When continental lithosphere rifts apart and new ocean basins form, a transition region is created between the old, thick continental crust and young, thin oceanic crust. Studying the structure of such continent-ocean boundaries provides direct observational constraints on the nature of rifting processes. Such studies also have direct commercial importance, since the investigated structures play a critical role in the formation of hydrocarbon deposits during subsidence and burial of the sediment. Two primary classes of rifted margins, volcanic and non-volcanic, have been recognized based on the amount of volcanism that occurs during continental break-up. The Nova Scotia rifted margin is located in a unique position bounding volcanic margins to its south and non-volcanic margins to its north. Recognizing the opportunity to investigate the controls on this first order change in the rifting style, Dalhousie University, funded by the Natural Sciences and Engineering Research Council of Canada, and GSC - Atlantic launched the MARIPROBE Program (1999-2004) that resulted in three SMART (Scotian MARgin Transects) wide-angle refraction OBS profiles crossing the Scotian margin (Figure 1).
The SMART survey was conducted in 2001 on CCGS Hudson (Figure 2). About 20 short-period 4-C ( three 4.5 Hz geophones and a hydrophone) OBS from the Geological Survey of Canada and Dalhousie University were deployed along each line. Instrument spacing varied from 40 km on the shelf to 20 km in the deep basin. The seismic source was a tuned air gun array with a volume of 104 L, which was fired once per minute at an average ship’s speed of 4.3 knots, resulting in an average shot spacing of 132 m. Data from Lines 1 and 2 were fully analyzed using a layered velocity modeling approach with RAYINVR software (Funck et al., 2004; Wu et al., 2006). Only a preliminary analysis of data from Line 3 was carried out.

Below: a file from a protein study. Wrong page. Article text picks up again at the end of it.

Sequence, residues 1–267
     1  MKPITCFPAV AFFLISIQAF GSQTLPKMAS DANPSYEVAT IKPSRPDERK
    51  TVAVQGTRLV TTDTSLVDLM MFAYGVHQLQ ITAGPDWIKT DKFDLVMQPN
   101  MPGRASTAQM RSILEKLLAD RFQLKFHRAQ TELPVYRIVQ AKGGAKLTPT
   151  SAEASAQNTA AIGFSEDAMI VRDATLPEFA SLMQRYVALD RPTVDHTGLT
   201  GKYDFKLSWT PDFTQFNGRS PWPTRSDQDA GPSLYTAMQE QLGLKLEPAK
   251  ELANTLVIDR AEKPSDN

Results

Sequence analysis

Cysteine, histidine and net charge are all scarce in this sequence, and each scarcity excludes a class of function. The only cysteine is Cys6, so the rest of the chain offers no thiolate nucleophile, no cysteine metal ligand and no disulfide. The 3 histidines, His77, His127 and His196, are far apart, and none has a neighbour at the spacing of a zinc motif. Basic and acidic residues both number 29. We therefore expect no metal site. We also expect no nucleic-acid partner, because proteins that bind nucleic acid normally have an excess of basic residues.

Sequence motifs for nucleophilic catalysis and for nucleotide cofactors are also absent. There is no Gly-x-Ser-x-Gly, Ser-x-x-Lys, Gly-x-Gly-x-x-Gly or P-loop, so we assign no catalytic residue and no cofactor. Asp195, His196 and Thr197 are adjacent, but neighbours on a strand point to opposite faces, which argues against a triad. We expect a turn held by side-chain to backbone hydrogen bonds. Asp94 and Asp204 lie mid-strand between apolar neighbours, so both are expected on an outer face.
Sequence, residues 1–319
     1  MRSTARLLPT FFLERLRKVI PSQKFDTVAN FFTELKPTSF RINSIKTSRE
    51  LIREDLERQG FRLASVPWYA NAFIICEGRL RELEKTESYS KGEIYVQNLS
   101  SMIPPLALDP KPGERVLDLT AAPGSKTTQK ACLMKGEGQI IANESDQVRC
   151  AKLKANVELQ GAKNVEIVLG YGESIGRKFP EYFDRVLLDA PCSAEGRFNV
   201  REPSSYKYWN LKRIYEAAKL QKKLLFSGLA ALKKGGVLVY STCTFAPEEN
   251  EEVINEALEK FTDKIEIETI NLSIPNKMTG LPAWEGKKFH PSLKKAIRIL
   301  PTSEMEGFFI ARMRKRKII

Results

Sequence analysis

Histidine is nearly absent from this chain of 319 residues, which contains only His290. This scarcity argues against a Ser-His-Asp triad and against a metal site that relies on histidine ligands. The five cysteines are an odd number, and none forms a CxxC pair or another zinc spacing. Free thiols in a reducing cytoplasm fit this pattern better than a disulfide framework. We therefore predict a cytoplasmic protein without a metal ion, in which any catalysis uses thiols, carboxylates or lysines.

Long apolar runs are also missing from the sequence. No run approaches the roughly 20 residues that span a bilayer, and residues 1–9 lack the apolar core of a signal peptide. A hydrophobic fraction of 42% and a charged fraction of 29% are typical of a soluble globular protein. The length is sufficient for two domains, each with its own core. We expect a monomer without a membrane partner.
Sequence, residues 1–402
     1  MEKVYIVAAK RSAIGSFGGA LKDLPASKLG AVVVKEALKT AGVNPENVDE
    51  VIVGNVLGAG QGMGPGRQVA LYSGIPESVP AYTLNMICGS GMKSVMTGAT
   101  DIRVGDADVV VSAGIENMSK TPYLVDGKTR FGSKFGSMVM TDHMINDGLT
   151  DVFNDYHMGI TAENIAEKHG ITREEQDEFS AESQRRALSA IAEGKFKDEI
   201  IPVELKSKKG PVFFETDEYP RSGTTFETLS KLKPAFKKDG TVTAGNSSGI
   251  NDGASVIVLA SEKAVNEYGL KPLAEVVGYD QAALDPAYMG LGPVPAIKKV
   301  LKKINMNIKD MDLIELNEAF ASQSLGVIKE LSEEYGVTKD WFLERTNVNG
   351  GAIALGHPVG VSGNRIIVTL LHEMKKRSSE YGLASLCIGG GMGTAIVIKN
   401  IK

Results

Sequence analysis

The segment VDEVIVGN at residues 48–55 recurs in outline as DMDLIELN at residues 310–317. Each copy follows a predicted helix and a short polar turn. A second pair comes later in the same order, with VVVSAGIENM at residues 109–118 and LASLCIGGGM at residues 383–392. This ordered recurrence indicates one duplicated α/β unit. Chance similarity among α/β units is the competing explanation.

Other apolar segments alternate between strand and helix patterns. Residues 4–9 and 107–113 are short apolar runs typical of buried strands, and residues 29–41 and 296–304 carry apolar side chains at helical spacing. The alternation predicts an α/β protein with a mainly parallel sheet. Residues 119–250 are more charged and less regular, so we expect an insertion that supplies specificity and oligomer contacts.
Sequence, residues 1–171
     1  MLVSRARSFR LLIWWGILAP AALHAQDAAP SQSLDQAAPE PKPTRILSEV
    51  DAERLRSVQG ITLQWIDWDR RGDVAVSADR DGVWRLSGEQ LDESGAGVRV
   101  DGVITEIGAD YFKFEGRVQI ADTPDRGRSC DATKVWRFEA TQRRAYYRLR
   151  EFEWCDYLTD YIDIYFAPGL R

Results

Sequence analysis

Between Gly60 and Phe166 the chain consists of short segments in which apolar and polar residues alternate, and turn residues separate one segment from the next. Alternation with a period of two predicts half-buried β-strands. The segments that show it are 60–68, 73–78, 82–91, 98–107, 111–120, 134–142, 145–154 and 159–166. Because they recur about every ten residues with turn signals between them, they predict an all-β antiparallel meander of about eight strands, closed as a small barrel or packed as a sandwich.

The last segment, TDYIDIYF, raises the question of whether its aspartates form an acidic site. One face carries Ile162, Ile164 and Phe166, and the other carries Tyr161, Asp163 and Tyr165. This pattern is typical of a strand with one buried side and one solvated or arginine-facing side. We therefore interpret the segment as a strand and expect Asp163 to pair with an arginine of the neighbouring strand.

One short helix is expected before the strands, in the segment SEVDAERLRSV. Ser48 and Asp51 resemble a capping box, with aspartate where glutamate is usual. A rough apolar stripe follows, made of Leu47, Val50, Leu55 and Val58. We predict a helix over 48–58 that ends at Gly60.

The data analysis results show significant variations in rifting style along the margin: (i) a volcanic-type margin in the southwest; (ii) a non-volcanic margin in the centre, with a sharp boundary between highly faulted continental crustal blocks and oceanic crust; and (iii) an extremely amagmatic margin in the northeast, with exposed mantle within the continent-ocean crustal transition and very thin oceanic crust seaward. These zones of transitional crystalline crust appear to coincide with northward transitions within overlying sedimentary structures, from salt-free to salt bodies in the southwest and from autochthonous salt diapirs in the centre to allochthonous salt tongues in the northeast.